Westlake: “We’ve already sent five songs to Lomenzo in Los Angeles… he opened the first one on a Saturday, sent it back to us on a Monday, and our jaws are still on the floor (laughs). We had certain expectations since it was James Lomenzo doing the track, and what we got back with the first track was what we expected times 10.”

Young: “It’s some of the best playing I’ve heard out of the cat. I have to be honest and say that I haven’t heard any Megadeth since Rust In Peace, but I know the stuff he’s done with Black Label Society and he couldn’t have played a more perfect bass line to this song. Without instructions. It’s a very complex song, there’s a lot of chromatic stuff and weird off-time things, and I don’t know how he copped it so quickly. I did write out the intro chromatic lick so he’d know exactly what notes they were, but aside from that we said ‘Have at it’ and what we got back was a finished bass track. It makes the song sound like it’s already been mixed. We only sent him the drum machine, scratch guitars and Julie’s scratch vocals.”

Stylistically Westlake and Young are very different players. Westlake established his rock-based metal approach on Hydrogyn’s Bombshell and Deadly Passions albums, while Young has his brief thrash history and catalogue of world music and classical guitar as a calling card. Hard to believe they’ve found a middle ground, but the current songwriting binge is proof enough.

Young: “First off, after working with Shitstaine I wasn’t going to play with any guitar player that had an ego. That’s why I worked with Badi Assad, and it was a great four year process that gave us a #1 album on our own. Playing with Jeff, we both came in with no ego.”

Westlake: “I think that’s why it works, but the biggest part of that has nothing to do with what Jeff is or what I am. It comes down to what kind of a person he is. I knew from talking to Michael what Jeff was like, just as he found out through Michael what I was like. We used our connection there to feel out the situation over the last couple years, and I don’t think we even realized that’s what we were doing.”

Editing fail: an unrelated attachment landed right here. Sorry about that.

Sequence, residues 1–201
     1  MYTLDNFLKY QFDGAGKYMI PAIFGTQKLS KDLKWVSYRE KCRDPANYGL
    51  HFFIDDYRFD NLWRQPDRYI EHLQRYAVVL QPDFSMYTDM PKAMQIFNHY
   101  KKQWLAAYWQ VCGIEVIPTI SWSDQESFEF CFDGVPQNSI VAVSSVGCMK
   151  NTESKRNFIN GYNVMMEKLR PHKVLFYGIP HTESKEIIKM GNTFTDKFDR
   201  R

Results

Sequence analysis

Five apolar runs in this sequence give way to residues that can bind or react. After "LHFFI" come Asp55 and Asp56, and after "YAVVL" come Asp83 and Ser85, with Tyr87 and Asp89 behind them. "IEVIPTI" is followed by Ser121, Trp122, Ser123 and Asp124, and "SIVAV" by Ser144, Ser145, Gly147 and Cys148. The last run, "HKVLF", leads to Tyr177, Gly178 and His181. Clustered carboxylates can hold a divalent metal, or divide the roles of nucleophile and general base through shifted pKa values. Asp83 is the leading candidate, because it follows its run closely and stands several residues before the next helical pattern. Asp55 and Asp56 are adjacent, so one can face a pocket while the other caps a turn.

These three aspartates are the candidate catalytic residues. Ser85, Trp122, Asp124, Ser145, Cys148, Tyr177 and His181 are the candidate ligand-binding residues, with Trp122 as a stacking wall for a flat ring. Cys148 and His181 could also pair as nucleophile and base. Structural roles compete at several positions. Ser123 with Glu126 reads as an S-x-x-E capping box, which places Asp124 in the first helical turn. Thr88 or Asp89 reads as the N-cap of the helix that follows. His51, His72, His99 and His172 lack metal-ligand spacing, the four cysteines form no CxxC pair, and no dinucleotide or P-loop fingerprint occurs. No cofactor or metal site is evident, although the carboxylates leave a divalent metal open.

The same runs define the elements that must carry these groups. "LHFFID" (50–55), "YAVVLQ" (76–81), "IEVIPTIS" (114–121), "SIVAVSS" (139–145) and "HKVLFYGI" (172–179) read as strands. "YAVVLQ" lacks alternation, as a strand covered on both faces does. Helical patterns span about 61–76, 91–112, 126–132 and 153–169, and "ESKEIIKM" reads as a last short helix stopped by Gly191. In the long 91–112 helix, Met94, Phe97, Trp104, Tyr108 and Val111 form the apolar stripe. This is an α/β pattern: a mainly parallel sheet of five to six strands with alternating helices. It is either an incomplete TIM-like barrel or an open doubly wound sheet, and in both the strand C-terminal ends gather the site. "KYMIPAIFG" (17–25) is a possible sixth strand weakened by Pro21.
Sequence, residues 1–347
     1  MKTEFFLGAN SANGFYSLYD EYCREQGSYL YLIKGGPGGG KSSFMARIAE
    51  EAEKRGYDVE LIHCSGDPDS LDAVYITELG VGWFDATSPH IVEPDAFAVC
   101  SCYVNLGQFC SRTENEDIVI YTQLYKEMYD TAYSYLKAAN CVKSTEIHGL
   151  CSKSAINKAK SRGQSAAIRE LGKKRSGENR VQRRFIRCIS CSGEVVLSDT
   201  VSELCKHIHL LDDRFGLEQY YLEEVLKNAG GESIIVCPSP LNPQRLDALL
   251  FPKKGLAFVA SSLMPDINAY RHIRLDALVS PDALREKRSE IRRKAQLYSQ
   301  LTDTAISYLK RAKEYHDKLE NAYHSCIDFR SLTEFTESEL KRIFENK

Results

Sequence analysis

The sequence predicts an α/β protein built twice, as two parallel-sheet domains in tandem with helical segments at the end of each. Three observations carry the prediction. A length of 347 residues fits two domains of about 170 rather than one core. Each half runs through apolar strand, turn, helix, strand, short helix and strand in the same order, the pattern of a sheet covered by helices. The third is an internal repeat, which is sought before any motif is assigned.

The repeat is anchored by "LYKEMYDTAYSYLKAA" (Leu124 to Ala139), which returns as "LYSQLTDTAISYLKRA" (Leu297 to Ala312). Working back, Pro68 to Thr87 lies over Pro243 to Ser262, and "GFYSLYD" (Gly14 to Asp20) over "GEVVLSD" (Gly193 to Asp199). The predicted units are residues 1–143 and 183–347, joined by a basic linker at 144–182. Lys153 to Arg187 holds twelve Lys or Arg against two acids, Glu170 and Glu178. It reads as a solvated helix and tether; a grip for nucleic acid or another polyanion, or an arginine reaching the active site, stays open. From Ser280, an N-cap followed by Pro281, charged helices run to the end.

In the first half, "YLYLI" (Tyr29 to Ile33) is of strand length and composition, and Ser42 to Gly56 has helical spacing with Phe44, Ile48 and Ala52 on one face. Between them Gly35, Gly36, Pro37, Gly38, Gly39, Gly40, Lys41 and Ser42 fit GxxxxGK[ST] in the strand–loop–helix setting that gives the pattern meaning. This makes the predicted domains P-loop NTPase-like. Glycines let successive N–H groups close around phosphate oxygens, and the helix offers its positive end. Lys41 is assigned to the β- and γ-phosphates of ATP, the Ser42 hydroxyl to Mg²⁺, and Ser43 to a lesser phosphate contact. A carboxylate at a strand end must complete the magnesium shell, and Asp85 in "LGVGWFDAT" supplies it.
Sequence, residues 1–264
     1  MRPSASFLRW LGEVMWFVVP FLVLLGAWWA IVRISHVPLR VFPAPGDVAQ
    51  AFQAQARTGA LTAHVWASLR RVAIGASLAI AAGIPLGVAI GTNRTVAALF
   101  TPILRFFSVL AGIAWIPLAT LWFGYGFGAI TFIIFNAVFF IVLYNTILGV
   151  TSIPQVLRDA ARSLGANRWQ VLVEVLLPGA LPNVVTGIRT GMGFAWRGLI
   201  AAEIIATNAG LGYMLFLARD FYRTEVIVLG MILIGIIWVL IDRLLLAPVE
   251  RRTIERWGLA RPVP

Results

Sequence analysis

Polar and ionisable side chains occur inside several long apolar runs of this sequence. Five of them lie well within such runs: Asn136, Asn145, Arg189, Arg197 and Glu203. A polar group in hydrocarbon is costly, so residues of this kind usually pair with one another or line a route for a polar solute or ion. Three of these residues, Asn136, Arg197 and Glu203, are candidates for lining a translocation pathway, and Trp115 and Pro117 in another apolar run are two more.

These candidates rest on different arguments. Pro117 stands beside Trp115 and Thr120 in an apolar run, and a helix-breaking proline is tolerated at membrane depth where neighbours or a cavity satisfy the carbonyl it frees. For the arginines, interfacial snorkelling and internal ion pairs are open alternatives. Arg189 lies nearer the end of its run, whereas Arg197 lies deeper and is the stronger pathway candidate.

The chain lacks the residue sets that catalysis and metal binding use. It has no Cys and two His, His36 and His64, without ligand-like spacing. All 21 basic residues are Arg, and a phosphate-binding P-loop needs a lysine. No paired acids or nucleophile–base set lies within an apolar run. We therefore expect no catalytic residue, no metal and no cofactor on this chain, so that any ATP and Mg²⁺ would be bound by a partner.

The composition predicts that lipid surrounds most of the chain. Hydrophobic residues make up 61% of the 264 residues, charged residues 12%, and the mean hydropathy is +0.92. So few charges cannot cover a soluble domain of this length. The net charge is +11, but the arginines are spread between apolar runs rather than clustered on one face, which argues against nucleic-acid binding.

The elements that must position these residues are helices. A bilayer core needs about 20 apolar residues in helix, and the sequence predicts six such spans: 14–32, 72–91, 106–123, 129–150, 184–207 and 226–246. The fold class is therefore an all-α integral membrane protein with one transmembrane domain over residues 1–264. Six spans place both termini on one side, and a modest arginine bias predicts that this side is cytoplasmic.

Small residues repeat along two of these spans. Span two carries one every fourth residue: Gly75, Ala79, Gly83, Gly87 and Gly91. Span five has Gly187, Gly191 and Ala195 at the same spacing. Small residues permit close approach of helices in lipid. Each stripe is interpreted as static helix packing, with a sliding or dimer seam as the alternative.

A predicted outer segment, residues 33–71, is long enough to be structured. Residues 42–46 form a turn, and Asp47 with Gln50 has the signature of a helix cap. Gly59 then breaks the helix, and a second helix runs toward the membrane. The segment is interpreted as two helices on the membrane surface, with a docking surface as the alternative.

And in case anyone is in a frame of mind to dismiss the new Hydrogyn as a Megadeth has-been novelty act…

Westlake: “This is not a one-off. We plan on doing this for a very long time.”

Young: “No one that’s contributing tracks has a different attitude about that. James and Joe have heard the old Hydrogyn stuff, they’ve heard Julie’s solo stuff, and James said straight out that he doesn’t take any project that he doesn’t want to be a part of. Just from speaking with him, James is very excited about having a singer for probably the first time in his career that’s a real motherfucking singer that can sing anything.”

It’s highly unlikely, however, that Hydrogyn will be covering a Megadeth tune any time soon…

Young: “No. I wouldn’t give Mustaine any more money.”

Westlake: “We’re not saying that if you come to a Hydrogyn show we won’t kick into the solo section of ‘Hook In Mouth’ or ‘In My Darkest Hour’ somewhere in the set just for shits and giggles. And to prove that Jeff was the one that truly played those solos.”

Westlake is, of course, alluding to claims Mustaine made in the press about how he issued guidelines to Young with regards to playing the solos on So Far, So Good… So What!. Something Young takes exception to, which resulted in his aforementioned open letter to the Megadeth frontman.

Young: “There’s no anger here. I’ve been Rip van Winkle when it comes to Megadeth for the past 23 years. Of course, I’d pick up Guitar Player magazine and I’d see Shitstaine shooting off his mouth, and up to this point I’ve ignored it. It was all banal attacks and silly stuff that wasn’t even worth addressing. When I was on tour with my trio in the summer I had a guitar student who brought an issue of Guitar World magazine, and Dave Mustaine was still talking smack about me. I’d seen Mustaine say this in the past about Marty Friedman a couple years ago, that he’d sung Marty’s solos to him. Marty’s solos are so exotic that Mustaine doesn’t even know what scales those solos are, so I raised my eyebrows at that point, but when he finally had the balls and the audacity to just lie in print and claim that he sang solos to me for So Far, So Good… So What! I decided that was enough.”

“I was on tour at the time so I really didn’t want to divert my energy from what I was doing, so I let it go for a few months until finally I decide to write an open letter to Dave Mustaine. I didn’t care if anyone else read it, and I posted that blog on MySpace entitled Dave Mustaine: Your Pants Are On Fire. In it I just said that he had to stop talking smack about Megadeth’s former members. Not just me, but every one of us that helped provide him with the success he so selfishly enjoys.”

Go to this location for discussion about Hydrogyn's forthcoming album, Julie Westlake's solo record, and the band's cover of Michael Schenker's 'Assault Attack'.